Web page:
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Location: Toronto, Ontario, Canada

The ultimate meaning of life is to embrace that which compels you to act in spite of fear.

Wednesday, April 12, 2006

Northern Trader

Last fall I did a CBC Outfront piece about my maternal grandfather, Everett Kemp, and his trip to Stanley Mission, Lac La Ronge, in Northern Saskatchewan, where he and his siblings grew up among the Cree. During Everett's childhood, his parents, Elsie and Harold, managed a Revillon Frères trading post, across the river from the Hudson's Bay post.

That was back in the 1920s. Eventually, Harold moved the family to Prince Albert, in central Saskatchewan. Years later, long after Everett had grown up and left the house, my great-grandfather wrote a book called Northern Trader, a straightforward but highly engaging account of what he described as the true Northern life, as he recalled it, not a fanciful tale like those written by urban writers in Toronto or New York. He was a highly independent man who liked to disagree, I'm told. But even before the book was released, in 1956, Harold wanted to disabuse readers of their false notions about the North by publishing a series of magazine pieces -- tales inspired by his experiences.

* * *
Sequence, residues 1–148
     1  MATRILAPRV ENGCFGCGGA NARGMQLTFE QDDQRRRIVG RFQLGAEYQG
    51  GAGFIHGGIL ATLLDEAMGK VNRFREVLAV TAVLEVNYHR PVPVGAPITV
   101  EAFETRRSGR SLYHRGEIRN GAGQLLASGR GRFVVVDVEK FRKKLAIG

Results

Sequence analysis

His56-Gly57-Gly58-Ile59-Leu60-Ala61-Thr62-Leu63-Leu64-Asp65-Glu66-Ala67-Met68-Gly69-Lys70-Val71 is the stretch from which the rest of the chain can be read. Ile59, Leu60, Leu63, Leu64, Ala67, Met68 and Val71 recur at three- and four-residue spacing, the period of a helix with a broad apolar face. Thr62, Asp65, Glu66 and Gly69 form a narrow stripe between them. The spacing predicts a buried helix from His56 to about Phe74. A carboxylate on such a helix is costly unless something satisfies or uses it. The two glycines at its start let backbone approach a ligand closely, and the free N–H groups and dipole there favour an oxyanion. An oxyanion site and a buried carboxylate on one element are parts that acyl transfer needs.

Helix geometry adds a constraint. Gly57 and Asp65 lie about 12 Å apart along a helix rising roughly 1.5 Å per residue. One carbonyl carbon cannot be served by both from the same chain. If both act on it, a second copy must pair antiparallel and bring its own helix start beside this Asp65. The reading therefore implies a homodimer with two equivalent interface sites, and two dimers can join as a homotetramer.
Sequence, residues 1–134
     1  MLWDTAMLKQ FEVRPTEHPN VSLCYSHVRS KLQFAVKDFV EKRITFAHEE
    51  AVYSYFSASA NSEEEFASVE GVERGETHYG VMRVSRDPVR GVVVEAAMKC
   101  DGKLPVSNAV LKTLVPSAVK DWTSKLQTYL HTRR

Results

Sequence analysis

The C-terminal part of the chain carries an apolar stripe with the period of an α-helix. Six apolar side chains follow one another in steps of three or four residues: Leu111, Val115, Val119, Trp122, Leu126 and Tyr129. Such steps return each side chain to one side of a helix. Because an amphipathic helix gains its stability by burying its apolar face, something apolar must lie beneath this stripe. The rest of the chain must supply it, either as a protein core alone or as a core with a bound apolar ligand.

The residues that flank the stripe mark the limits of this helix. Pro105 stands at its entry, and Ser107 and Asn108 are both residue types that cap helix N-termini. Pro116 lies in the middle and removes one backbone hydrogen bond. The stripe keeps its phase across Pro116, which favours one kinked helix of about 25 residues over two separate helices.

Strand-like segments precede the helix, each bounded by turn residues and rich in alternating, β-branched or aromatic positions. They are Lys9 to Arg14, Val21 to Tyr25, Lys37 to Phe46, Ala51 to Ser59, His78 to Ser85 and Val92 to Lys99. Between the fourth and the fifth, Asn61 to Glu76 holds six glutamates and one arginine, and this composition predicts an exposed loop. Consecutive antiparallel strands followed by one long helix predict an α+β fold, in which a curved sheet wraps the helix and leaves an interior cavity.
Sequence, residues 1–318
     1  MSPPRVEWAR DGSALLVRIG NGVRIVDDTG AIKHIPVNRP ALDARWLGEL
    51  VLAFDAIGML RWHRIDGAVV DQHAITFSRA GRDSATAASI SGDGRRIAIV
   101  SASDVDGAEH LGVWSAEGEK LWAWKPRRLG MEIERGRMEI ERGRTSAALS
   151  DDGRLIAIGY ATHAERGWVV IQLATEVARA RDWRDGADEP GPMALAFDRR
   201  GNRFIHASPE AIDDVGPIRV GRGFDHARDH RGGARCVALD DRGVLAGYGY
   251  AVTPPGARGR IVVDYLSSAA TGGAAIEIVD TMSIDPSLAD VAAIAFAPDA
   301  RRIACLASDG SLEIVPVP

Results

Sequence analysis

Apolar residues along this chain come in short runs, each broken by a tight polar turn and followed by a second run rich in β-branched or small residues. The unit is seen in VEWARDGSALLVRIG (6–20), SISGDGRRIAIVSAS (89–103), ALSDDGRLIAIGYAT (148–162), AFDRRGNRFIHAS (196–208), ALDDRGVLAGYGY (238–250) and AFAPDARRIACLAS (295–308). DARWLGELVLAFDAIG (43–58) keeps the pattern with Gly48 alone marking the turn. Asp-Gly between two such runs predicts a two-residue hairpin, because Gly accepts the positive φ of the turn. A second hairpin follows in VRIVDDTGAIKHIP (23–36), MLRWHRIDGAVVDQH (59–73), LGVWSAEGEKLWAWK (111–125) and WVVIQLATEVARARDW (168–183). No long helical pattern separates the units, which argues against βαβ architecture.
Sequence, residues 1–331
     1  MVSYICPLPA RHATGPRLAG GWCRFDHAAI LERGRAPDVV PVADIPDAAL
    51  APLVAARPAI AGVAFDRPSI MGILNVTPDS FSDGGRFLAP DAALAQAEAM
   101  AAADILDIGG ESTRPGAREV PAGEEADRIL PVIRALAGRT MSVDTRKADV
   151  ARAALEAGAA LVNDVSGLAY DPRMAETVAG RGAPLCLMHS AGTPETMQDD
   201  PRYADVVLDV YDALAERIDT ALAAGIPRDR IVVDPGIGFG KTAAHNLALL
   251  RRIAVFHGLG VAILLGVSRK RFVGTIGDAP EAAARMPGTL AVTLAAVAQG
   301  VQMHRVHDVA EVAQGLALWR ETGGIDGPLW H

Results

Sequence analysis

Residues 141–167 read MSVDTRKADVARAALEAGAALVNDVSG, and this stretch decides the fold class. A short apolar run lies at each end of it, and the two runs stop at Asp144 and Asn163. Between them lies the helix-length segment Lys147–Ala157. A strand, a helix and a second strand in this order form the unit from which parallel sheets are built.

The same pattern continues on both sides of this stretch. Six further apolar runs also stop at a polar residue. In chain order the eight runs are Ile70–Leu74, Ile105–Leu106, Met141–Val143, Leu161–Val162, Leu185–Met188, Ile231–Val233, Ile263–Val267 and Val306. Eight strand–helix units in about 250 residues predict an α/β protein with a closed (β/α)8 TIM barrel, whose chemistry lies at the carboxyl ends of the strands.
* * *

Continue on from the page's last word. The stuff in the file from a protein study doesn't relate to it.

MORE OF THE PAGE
Three summers ago in Winnipeg, I met my grandfather for the first time. It was an amazing experience, which I describe in my Outfront piece. When I shook Everett's hand, I tried to connect him to the stories in the book, which I had just read. Everett's steel grip spoke of another age, of hours spent alone, often on foot or in a canoe, and the constant struggle to eat and survive while in the North's harsh embrace.

The Prairies may be harsh in the winter and teeming with insects in the summer, but the air is clear (except for the bugs) and the distance seems scaleless. Some hate the big, open sky of the Prairies and the bush to the north, but for me it always feels like home. The vastness emboldens me even as it fills me with awe.

For those who know what I'm talking about, I'd recommend the book. I recently discovered the above link, which is why I'm thinking about it lately. I understand Northern Trader is still read in some Saskatchewan schools. Not sure. If you have read it, drop me a line and share your thoughts.